Learning to Use My Cintiq 16 – Which Is Better, Procreate or Wacom Cintiq 16?

Mrs. Cow Down Home – Jacki Kellum Illustration
Created with the App Procreate on an Ipad Pro

About two weeks ago, I decided to make some radical changes to my illustrating routine, and I began teaching myself how to create digitally. I began my journey with my iPad Pro and the app Procreate.


When I say that I worked at least 18 hours a day for over a week to learn to illustrate on my iPad Pro, I am not exaggerating. About 9 days into my journey, I realized that Procreate was an almost ideal tool for digital illustration, but because of the app’s limited layers and because I need to use Photoshop for my final edits, I decided that I needed to add a more sophisticated tool to my arsenal, too.

Procreate does not work on computers, and I use my computer to work in Photoshop. For many years, I had wanted to try illustrating on a Wacom tablet, which does work on computers and with Photoshop, and by some serendipitous design, Wacom had recently added the Wacom Cintiq 16 to its line.

Amazon.com: Wacom Cintiq 16 Drawing Tablet with Screen (DTK1660K0A ...

The Wacom Cintiq 16 is a much, much more affordable tablet than the Pro series of tablets, but it comes with the same Super Hero pen as the pro models use. The Cintiq 16 also has a significantly larger work surface than my iPad Pro, and my iPad Pro has the largest screen size that iPad has developed.

The Cow Jumped Over the Moon – Jacki Kellum Digital Illustration
Created on iPad Pro with the App procreate.

After about a week of hard work and diligent study, I created The Cow Jumped Over the Moon on my iPad Pro, and I am pleased with that illustration. But I have written a picture book that has a slightly different version of the above drawing:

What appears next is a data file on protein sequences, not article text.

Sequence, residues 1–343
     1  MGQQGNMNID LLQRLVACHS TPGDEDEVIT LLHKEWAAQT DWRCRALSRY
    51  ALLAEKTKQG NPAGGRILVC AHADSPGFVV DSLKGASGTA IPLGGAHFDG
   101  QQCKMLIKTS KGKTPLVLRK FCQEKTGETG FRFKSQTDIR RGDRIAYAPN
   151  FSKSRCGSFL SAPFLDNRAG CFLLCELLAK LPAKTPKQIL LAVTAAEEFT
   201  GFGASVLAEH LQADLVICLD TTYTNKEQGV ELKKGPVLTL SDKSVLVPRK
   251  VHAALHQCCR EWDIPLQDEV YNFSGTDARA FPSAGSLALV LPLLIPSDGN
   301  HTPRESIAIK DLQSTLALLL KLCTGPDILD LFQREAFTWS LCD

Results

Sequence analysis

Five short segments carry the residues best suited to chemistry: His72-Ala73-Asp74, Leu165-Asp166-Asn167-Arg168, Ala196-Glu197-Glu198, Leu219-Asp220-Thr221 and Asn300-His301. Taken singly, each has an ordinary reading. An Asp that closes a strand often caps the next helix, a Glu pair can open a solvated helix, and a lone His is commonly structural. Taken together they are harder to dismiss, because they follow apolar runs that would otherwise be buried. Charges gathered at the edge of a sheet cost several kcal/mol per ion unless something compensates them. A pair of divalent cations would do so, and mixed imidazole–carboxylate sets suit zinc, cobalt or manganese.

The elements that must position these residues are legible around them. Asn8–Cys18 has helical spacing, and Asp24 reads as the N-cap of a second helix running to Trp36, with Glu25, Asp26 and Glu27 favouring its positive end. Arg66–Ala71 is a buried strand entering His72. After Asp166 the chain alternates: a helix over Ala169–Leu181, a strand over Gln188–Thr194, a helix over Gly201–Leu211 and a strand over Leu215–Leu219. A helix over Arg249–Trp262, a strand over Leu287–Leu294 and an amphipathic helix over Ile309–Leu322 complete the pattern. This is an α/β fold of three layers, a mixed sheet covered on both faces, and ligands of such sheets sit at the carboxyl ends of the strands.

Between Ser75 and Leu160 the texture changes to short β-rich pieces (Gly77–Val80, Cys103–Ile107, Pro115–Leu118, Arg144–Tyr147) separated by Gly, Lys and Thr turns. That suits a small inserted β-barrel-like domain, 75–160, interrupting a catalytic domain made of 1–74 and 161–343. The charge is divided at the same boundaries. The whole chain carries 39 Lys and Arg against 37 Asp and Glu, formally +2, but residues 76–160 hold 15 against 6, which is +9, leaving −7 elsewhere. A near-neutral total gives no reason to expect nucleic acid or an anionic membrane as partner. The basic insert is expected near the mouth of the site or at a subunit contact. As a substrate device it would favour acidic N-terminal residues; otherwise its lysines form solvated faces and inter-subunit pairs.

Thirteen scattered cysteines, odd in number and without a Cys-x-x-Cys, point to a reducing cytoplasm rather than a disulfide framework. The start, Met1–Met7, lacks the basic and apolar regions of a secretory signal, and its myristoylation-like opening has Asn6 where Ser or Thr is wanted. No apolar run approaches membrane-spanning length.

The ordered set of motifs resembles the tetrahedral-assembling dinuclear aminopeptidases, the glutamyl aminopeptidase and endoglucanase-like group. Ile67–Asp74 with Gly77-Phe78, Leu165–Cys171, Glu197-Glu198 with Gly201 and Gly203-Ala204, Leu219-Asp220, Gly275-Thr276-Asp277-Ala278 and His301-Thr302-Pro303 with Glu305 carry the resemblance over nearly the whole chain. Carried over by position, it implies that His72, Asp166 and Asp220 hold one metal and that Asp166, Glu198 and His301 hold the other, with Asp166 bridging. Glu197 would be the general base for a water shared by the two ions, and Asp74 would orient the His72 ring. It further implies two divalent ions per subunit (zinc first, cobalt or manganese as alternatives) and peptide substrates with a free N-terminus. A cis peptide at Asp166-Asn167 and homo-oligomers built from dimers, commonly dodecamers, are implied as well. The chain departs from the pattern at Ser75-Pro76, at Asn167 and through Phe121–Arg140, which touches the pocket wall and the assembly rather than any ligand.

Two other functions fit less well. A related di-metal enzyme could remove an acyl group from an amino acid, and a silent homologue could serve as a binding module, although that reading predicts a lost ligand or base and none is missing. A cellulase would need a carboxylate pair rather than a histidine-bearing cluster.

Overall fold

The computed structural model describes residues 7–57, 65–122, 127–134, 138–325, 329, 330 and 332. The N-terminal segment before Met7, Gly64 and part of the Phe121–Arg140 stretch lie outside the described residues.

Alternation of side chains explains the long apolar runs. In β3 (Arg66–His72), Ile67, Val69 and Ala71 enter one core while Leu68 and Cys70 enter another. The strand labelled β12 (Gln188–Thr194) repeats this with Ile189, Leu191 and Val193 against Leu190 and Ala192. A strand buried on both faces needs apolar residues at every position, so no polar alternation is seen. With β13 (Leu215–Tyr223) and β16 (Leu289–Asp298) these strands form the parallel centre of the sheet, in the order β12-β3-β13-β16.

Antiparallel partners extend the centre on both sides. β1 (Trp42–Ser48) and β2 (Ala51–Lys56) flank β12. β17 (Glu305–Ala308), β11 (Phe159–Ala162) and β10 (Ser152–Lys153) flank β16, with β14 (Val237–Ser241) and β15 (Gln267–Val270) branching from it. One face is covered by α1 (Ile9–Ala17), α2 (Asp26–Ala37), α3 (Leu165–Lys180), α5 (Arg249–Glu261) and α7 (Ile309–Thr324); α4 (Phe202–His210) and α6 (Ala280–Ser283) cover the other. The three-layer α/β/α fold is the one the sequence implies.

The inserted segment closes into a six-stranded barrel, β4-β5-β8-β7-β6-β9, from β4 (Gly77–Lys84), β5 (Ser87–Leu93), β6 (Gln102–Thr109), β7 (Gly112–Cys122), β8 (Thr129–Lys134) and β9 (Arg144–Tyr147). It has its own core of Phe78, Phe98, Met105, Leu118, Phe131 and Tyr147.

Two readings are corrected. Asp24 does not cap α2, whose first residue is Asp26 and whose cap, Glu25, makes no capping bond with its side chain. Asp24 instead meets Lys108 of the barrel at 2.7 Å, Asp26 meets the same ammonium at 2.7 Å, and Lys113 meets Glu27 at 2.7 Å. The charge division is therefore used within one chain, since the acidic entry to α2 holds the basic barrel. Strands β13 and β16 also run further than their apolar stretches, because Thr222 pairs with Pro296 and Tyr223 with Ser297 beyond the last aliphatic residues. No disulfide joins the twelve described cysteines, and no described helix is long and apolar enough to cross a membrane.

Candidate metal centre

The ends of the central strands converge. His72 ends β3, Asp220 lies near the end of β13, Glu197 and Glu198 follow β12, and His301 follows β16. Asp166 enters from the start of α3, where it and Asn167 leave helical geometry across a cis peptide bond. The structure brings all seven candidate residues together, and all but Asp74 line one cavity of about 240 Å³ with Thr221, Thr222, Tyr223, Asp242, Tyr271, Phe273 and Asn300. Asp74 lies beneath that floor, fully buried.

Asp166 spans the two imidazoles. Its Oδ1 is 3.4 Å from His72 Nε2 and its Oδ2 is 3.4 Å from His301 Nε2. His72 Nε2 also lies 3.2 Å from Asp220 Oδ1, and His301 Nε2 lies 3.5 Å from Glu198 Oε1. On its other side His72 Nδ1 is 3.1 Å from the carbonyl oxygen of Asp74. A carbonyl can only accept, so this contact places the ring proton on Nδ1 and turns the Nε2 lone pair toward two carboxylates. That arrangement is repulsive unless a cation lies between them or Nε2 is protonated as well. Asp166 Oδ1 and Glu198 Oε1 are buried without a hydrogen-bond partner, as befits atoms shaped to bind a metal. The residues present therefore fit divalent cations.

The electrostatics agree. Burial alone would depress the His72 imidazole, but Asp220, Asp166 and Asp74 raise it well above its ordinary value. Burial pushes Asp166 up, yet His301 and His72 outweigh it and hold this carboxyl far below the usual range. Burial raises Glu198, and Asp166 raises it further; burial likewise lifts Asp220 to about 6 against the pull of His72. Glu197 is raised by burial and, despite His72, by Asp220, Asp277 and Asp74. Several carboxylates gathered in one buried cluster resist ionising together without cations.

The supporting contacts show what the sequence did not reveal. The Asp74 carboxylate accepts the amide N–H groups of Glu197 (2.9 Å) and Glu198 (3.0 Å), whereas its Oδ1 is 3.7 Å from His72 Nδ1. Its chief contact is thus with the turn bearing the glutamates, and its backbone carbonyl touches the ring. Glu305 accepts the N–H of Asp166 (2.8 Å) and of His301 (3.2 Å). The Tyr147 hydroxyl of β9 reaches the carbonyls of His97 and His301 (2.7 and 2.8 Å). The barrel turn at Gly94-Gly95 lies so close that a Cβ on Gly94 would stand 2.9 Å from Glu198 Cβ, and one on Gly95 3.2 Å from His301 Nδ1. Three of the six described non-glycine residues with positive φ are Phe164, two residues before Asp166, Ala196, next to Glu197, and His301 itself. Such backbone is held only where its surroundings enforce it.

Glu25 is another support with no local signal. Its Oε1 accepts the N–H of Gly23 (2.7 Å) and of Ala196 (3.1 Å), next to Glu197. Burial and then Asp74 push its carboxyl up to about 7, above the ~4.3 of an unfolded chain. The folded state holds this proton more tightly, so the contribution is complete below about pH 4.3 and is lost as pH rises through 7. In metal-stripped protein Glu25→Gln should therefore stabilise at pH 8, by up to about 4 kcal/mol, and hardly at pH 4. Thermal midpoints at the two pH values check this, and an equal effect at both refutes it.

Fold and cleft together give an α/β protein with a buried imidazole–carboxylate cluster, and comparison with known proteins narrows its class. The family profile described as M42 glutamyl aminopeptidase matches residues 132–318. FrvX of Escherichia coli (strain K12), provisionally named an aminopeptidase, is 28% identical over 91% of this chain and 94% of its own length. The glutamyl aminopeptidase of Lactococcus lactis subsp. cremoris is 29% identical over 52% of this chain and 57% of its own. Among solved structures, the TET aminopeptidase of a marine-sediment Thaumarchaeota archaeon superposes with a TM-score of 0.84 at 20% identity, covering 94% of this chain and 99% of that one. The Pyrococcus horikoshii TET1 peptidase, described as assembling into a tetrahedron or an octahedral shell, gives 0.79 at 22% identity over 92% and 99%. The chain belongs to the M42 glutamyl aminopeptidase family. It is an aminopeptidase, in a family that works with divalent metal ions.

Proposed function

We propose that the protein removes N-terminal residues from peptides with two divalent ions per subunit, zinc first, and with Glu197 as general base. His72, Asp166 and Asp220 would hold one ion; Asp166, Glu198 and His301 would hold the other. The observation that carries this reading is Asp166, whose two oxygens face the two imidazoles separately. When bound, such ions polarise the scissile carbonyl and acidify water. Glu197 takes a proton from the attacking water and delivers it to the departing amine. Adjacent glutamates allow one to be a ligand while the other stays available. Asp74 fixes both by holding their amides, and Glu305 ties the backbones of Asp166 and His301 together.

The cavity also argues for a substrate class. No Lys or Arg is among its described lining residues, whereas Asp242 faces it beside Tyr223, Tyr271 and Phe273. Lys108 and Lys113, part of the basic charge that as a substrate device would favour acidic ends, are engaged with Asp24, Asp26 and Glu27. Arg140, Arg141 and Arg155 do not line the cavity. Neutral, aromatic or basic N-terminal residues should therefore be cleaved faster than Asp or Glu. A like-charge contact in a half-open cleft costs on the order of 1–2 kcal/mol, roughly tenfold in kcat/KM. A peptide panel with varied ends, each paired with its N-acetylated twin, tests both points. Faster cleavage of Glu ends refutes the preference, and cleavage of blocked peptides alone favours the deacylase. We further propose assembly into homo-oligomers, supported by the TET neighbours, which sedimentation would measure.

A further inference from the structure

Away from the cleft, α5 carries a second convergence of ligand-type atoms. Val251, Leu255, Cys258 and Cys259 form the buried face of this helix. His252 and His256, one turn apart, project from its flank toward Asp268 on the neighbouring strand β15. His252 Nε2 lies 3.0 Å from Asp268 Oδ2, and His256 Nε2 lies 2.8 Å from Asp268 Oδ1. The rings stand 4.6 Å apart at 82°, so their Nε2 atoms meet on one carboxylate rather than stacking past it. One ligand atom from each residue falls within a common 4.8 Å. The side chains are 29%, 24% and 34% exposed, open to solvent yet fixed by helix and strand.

Socks with Red Hot Rocket Ships to Help Her Clear the Moon
Jacki Kellum Illustration
Begun in Procreate on iPad Pro and Completed on Wacom Cintiq 16 in Photoshop

I’ll be very honest in saying that at this point, I still believe that illustrating on my iPad Pro with Procreate is much more intuitive and thereby easier than working on my Cintiq 16. But, hey, this is my first illustration on my new Cintiq 16. My first illustration in Procreate was terrible.

If you look closely, you will see that the base of my illustration Red Hot Rocket Ships is the same as that for The Cow Jumped Over the Moon. After I completed the first illustration and saved it, I returned to Procreate to draw the cow’s rocket socks and her flying ace helmet. I saved each of those segments separately, and I pasted each of them into Photoshop on layers above the first illustration, and I used Cintiq 16 and Photoshop to make the necessary adjustments to merge the drawings. Because of Procreate’s limitation of layers, the process would have been difficult in Procreate, but I probably could have still done it. Yet, I believe that ultimately, I’ll be able to say that Cintiq 16 is necessary for my final edits and for merging images, too. Once using Cintiq 16 has become more natural and thereby more intuitive for me, I’ll probably be able to say that Cintiq 16 is indeed the better tool for creating my entire illustrations,  but I am still learning how to use the Wacom interface.

This is what I am surprised to hear myself saying: Digital is definitely a better way for me to capture little details, like the rockets on Mrs. Cow’s socks than my traditional painting in watercolor.

Janis Joplin – Jacki Kellum Watercolor Painting

I have a slash-dash painting style in watercolor. and while I continue to like the impressionistic look of my watercolors, as paintings, I realize that I need a tighter approach for illustration-especially in illustrating for children.

When my book reads: “Her socks with red hot rocket ships help her clear the moon,” children have a need to actually see and understand those rocket ships. They don’t need some arty suggestion of those socks.

Speaking of the socks. this brings me to one final reason that digital illustration is good. I only created one red hot sock, and I copy-pasted it, to use the same image twice. Because the back leg is farther away, I used Photoshop’s scaling tool to make that sock smaller. If I had wanted to do so, I could have reduced that sock’s opacity, too. That would have increased the feeling of perspective, but because the socks are the stars of this illustration, I kept both socks at full intensity.

All-in-all, I believe that I have changed my illustrating routine permanently. I am glad that I learned to paint in watercolor traditionally before I switched to digital for my illustrations, and I’ll probably continue to do my initial sketches in both Copic markers and watercolor. I want to retain the sense of watercolor in my illustrations, and I believe that rendering my illustrations first in watercolor will help me to retain that look. But I believe that I can say, with certainty, that from this point forward, I’ll do most of my illustrating digitally.